By Tom Still

MADISON, Wis. – In case you missed it, Wisconsin has been on a bit of an economic development hot streak of late.

It started in early May when Microsoft announced it will build a $3.3 billion data center in Racine County, largely to meet artificial intelligence needs. The streak grew in late May with creation of a $100-million public-private venture capital fund to help finance startups in health care, agriculture and other sectors – with emphasis on rural Wisconsin and people who don’t normally encounter early stage investors.

It continued this week when Wisconsin was named a “tech hub,” a process that began with the 2022 passage of the CHIPS and Science Act and which spurred a multi-state competition for federal dollars. The Economic Development Administration designated 12 such hubs, spread among sectors ranging from quantum computing to polymers to food technologies, with Wisconsin’s focus being personalized medicine.

The story of how the tech hub designation was won – along with $49 million from the EDA over five years – show what can happen when people in the academic, public and private spheres work together. Here, in alphabetical order, is my reading of what some of these “parents” brought to the birth of the tech hub.

Anjon Audhya, senior associate dean for basic research, biotechnology and graduate studies at the UW School of Medicine and Public Health. Audhya brought the perspective of a biochemist to the team, with expertise ranging from genetics to mapping mechanisms and pathways that underlie human disease.

Katie Boyce, senior director of corporate impact and community relations at Exact Sciences. Boyce has walked the halls of government and business in her day, gaining a reputation as a problem-solver. She helped secure private support for the tech hub, which was necessary to persuade EDA and others in Washington, D.C., the project had legs. Her involvement made sense: Precise diagnostics, tailored treatments and genomic prevention measures are all sweet spots for Exact Sciences.

Wendy Harris, formerly of GE Healthcare and now regional innovation officer for the Wisconsin Biohealth Tech Hub. Working through BioForward, Harris brought 33 years of medical technology expertise to the job … experience that will pay dividends as the project unfolds.

Missy Hughes and Sam Rikkers, Wisconsin Economic Development Corp. It wasn’t a foregone conclusion that Wisconsin’s bid in the EDA tech hub competition would be around personalized medicine – a broad term for tailoring diagnostics and treatments to a patient’s genetic makeup or other characteristics. The secretary and deputy secretary of WEDC, respectively, helped to ensure Wisconsin wasn’t competing with itself and advocated for filing a single proposal.

Erik Iverson, chief executive officer, Wisconsin Alumni Research Foundation. While Iverson wasn’t involved in the day-to-day push, his decision a few years back to make development of “theranostics” a priority for WARF’s research and development portfolio fits perfectly into the personalized medicine playbook. Most recently, UW Health announced it will build a new cyclotron to facilitate development of drugs that can simultaneously diagnose and treat patients.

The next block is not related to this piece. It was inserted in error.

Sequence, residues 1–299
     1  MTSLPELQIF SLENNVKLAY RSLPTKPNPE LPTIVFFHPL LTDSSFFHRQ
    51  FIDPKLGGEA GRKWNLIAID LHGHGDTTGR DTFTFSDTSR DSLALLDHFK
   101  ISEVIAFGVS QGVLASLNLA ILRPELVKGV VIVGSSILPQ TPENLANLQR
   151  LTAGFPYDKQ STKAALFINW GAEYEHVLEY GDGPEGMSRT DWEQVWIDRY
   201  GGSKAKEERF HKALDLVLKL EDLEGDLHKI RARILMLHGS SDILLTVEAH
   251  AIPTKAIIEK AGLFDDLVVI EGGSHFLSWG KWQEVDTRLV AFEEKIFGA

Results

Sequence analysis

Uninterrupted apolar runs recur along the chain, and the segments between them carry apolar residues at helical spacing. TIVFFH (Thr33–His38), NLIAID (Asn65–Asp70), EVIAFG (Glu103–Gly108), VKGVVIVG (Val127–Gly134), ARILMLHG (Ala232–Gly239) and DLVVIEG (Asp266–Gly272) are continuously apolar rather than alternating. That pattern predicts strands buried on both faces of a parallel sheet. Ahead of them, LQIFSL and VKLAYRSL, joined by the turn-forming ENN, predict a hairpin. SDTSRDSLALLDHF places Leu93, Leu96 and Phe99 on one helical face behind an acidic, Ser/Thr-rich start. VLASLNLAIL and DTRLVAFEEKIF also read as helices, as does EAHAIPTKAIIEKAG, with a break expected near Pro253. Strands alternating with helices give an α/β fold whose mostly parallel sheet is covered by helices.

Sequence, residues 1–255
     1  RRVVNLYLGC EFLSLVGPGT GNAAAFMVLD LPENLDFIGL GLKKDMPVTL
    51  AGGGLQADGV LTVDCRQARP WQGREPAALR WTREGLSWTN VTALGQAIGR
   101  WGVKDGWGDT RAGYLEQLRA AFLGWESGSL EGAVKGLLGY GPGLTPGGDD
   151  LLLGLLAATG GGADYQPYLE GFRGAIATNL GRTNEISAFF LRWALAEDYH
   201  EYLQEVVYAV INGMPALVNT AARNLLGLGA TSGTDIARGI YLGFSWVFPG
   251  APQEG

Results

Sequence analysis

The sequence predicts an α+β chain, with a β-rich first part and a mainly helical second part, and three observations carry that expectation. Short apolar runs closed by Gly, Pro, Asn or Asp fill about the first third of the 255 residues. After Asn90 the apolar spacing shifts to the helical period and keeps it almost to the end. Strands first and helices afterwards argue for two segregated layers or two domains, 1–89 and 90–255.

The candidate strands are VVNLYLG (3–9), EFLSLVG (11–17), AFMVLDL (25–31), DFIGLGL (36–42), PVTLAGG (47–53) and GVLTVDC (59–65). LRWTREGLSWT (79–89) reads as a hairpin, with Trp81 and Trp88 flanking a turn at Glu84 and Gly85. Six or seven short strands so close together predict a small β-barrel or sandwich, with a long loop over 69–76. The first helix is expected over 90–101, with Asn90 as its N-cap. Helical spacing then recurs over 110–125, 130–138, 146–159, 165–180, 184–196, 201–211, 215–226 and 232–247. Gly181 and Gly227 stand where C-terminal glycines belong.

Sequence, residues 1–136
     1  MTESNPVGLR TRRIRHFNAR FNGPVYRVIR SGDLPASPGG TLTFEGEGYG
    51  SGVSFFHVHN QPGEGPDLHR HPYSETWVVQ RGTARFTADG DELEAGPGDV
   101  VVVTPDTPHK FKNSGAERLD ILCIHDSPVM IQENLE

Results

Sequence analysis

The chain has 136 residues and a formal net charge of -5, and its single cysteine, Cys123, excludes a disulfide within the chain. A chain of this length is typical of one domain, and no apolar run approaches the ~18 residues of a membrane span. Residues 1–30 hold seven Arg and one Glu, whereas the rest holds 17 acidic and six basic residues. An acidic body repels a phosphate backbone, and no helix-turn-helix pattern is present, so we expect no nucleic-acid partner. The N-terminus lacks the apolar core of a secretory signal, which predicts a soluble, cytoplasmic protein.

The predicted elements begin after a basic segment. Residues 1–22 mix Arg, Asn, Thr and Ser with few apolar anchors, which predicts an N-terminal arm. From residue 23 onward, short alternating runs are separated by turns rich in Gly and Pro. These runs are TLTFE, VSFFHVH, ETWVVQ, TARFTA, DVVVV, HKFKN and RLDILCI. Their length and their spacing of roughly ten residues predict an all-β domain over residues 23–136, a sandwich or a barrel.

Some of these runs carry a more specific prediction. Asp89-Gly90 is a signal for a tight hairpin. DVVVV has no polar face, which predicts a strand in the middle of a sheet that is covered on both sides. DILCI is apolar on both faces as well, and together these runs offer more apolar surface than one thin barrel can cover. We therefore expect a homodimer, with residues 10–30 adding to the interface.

Chris Kozina, assistant vice chancellor for industry engagement, UW-Madison. Kozina brought deep industry experience to the party as well as a collegial way of navigating the university’s many colleges, schools and disciplines. There’s little doubt that research universities such as UW-Madison bring important breakthroughs to the table; organizing them in ways they can be applied commercially or for society is the trick. Kozina brought that perspective to the table.

Jon Schnur, chief executive officer, America Achieves. This Shorewood, Wis., native leads a national non-profit group that defines its mission as working with community partners “to create Good Jobs Economies” across the country. A long-time associate of the UW-Madison’s Kozina, Schnur and his team donated hours of time to the effort. How effective is America Achieves? In addition to the Wisconsin tech hub, it worked with four of the other 11 EDA recipients.

Many Wisconsin elected officials in both parties deserve mention, too, as $7.5 million in matching money was authorized by the Legislature and U.S. Sen. Tammy Baldwin, D-Wis., was an advocate on Capitol Hill.

The winning streak may not be over. Two Wisconsin proposals in different sectors are competing for money from the National Science Foundation’s “regional innovation engines” program. These are led by The Water Council in Milwaukee and WiSys, which serves the Universities of Wisconsin. Perhaps more proud “parents” are waiting outside the delivery room.

Still is president of the Wisconsin Technology Council. He can be reached at